Le Adelaide Tambo

Adelaide Frances Tambo will be remembered as one of South Africa’s key heroines of the liberation struggle.
The nursing sister from Vereeniging, who married African National Congress (ANC) president Oliver Tambo in 1956, died on January 31 2007 aged 77 and will be best remembered as a beacon of hope to many exiled activists during the liberation struggle.
Born in a township outside Vereeniging on July 18 1929, Adelaide returned to South Africa in 1990, almost 30 years in exile since the ANC banned.
‘We’ve come back to a country where there’s been no improvement in our people’s lives. The future of the country is in our hands. Let’s take up the challenge,’ she said soon after her return home.
Adelaide, a veteran freedom fighter in her own right, was brutally introduced to politics at the age of 10 after a police raid in Vereeniging. Her ailing 82-year-old grandfather was arrested and flogged at the town square where he collapsed.
‘I sat with him until he regained consciousness,’ she recounted.
‘His brutal and humiliating treatment at the police’s hands was the triggering and deciding factor. I swore I would fight them till the end.’
At the age of 15 she approached a local ANC organiser to enrol as a member.
‘The organiser said I was too young to become an ANC member but since I was so keen to be politically active he agreed to let me act as a courier for the branch.’
By the age of 18, Tambo had joined the ANC Youth League and was immediately elected chair of her local branch.
She met her future husband at the launch of a new youth league branch and their friendship developed over the next few years.
Oliver proposed to her in 1954, but she only agreed to settle down two years later. Three weeks before their wedding Oliver was arrested and charged with 155 other ANC members, including Nelson Mandela, for high treason.
The wedding went ahead four days after the trialists were released on bail. The trial lasted for more than three years, ending in the acquittal of all the accused.
Adelaide was one of the 20 000 women who marched on Pretoria’s Union Buildings in protest against the pass laws in 1956.
Oliver left South Africa after the Sharpeville massacre in 1960 and she followed a few months later. The couple were eventually re-united in London.
‘But I soon had to realise that he was now fully involved and that my role was going to be to take responsibility for the family.’
She worked as a nurse to support the family as Oliver travelled. The couple spent only the first three years of their marriage together and again in the twilight of Oliver’s years.
  ‘We got married and we both realised it would be an unusual relationship. Sometimes he would pass through London only twice a year.’
Adelaide had to earn a living, so she often worked in old people’s homes at night, locking up her children when on duty.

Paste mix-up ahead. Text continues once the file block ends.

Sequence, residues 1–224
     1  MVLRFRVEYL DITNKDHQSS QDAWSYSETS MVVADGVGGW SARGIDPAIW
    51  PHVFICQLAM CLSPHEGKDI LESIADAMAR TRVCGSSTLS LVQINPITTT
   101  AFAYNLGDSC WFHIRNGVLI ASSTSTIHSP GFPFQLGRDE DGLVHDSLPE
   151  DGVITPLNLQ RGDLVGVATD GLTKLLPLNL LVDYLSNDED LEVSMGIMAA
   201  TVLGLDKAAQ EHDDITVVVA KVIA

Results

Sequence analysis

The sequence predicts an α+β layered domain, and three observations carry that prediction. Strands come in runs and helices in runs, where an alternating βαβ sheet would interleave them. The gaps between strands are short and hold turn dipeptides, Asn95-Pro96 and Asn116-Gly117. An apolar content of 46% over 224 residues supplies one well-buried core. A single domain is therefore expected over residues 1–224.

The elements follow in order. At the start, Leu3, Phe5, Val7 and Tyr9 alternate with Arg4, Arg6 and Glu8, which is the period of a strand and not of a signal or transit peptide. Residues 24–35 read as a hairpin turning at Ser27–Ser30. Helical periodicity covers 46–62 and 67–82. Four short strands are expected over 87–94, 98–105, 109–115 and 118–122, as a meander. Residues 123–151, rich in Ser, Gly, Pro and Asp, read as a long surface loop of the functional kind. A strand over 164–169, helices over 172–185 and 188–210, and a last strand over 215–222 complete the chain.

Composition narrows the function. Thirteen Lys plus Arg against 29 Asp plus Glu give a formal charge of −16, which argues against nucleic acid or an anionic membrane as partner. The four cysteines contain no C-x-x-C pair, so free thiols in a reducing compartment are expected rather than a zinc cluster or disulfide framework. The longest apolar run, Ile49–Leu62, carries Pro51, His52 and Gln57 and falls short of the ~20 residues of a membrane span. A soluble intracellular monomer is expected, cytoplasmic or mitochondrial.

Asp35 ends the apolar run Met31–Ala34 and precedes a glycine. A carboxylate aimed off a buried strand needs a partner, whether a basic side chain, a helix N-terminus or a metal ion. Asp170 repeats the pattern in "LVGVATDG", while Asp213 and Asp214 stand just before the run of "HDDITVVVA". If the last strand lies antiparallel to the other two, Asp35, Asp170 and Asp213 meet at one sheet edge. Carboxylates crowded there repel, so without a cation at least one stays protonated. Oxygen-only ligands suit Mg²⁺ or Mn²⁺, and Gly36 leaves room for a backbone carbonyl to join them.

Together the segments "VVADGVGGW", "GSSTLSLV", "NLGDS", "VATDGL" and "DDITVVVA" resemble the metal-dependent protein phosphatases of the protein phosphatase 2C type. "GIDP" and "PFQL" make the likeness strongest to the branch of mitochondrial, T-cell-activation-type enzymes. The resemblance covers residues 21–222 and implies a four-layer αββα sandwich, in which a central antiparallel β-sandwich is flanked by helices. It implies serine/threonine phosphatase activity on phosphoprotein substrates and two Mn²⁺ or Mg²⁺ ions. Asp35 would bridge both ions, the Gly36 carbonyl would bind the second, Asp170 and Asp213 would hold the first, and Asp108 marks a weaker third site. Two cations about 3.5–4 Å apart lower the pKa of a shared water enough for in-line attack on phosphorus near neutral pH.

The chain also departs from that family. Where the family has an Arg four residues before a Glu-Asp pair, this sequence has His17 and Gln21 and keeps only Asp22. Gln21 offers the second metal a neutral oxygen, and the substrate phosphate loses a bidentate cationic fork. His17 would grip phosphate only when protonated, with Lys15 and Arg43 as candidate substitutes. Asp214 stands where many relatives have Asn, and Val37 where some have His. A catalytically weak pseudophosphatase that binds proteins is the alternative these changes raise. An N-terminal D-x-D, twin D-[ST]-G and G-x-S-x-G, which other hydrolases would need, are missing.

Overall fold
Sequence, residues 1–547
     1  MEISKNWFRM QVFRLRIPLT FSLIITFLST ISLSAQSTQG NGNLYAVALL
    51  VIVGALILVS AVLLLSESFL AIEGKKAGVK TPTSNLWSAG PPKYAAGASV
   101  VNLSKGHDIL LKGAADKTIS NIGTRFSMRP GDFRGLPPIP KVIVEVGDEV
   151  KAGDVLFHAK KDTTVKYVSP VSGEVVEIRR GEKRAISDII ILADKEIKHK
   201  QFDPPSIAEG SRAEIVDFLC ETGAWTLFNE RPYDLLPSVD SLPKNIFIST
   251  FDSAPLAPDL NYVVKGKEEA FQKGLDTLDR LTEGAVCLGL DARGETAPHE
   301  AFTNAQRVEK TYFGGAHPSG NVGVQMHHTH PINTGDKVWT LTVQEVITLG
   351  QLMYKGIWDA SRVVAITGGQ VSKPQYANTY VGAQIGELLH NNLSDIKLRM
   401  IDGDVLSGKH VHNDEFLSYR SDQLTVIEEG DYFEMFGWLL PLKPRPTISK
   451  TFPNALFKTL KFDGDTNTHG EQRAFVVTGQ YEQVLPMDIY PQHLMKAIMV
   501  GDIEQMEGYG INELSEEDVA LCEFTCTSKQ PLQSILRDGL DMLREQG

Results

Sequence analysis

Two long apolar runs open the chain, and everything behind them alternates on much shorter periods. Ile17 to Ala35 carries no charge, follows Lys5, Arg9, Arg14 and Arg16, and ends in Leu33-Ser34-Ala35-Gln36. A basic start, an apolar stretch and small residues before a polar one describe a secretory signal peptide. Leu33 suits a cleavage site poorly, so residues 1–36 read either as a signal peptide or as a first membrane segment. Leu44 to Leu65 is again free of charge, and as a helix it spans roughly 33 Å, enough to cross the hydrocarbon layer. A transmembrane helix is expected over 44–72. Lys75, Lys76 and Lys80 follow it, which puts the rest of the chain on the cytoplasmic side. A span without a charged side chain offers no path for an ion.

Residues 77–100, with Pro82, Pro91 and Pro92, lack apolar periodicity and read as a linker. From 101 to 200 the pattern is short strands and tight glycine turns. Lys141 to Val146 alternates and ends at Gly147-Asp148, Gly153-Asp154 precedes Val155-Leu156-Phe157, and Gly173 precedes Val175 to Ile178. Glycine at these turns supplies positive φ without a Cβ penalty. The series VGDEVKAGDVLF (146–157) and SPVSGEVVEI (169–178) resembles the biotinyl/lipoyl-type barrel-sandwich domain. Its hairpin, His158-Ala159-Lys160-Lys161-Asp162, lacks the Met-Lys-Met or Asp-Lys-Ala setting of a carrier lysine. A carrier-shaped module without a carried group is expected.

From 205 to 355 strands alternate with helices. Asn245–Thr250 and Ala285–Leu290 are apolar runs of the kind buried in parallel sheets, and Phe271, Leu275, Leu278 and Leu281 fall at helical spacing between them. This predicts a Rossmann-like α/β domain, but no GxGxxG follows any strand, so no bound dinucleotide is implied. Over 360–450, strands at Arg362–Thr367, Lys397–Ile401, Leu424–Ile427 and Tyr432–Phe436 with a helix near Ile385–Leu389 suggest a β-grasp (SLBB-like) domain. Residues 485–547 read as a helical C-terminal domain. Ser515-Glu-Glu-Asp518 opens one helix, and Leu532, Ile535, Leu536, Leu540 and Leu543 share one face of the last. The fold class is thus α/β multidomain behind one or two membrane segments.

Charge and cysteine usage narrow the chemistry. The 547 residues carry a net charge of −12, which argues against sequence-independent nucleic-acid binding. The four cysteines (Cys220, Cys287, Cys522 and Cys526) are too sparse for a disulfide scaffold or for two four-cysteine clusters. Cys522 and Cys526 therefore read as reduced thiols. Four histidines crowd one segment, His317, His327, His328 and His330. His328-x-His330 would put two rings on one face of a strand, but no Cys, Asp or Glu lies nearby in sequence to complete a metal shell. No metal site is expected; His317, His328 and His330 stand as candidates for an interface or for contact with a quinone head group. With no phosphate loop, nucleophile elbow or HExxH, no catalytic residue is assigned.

The Tambo’s London home became a base for many exiles and students who sought refuge while in Britain.
She founded the Afro-Asian Women Solidarity in Egypt, was a member of the All-African Women’s Congress and a member of the International Anti-Apartheid Movement.
She was recipient of the Noel Foundation Life Award for initiating the anti-apartheid movement in Britain.
Adelaide led the anti-apartheid movement in London and was in the forefront of demonstrations calling for Mandela’s freedom and that of other political detainees.
She also managed to collect all of Oliver’s speeches which she later published in 1991.
Adelaide was the first recipient of the Oliver Tambo/Johnny Makatini freedom award in February 1995. The award recognises the faith, courage and sacrifice of an individual during the freedom struggle.
As a campaigner for human rights, Adelaide was also awarded the Order of Simon of Cyrene in July 1997 for her active an outstanding and untiring commitment to the Anglican church and disadvantaged communities. The order is the highest honour that can be bestowed on a lay person by the Church of the Province of Southern Africa.
On her return to South Africa in 1990, Adelaide made a home for herself and Oliver, who died in April 1993. She was also active in re-building the ANC Women’s League.
She was elected to Parliament for the ANC after the country’s first democratic elections in 1994, but decided not to serve a second five-year term.
Although she and Winnie Mandela were one-time close friends, Adelaide led the resignation of 11 members of the ANCWL’s national executive in protest against Winnie’s leadership and problems with donor funds.
In 1996 Adelaide was injured in a car accident after a truck collided with her car in Sharpeville. She suffered a fractured leg and underwent a two-hour operation.
After her retirement from active politics, Adelaide was engaged in community work with elderly people in Benoni, her marital hometown. She also worked with – as she preferred to call them – differently-abled children in Soweto.
Asked how she would like to be remembered Tambo said: ‘ As a servant of my people.’
She is survived by three children, Tembi, Dali and Tselane and several grandchildren.
(Source: SAPA 2007)

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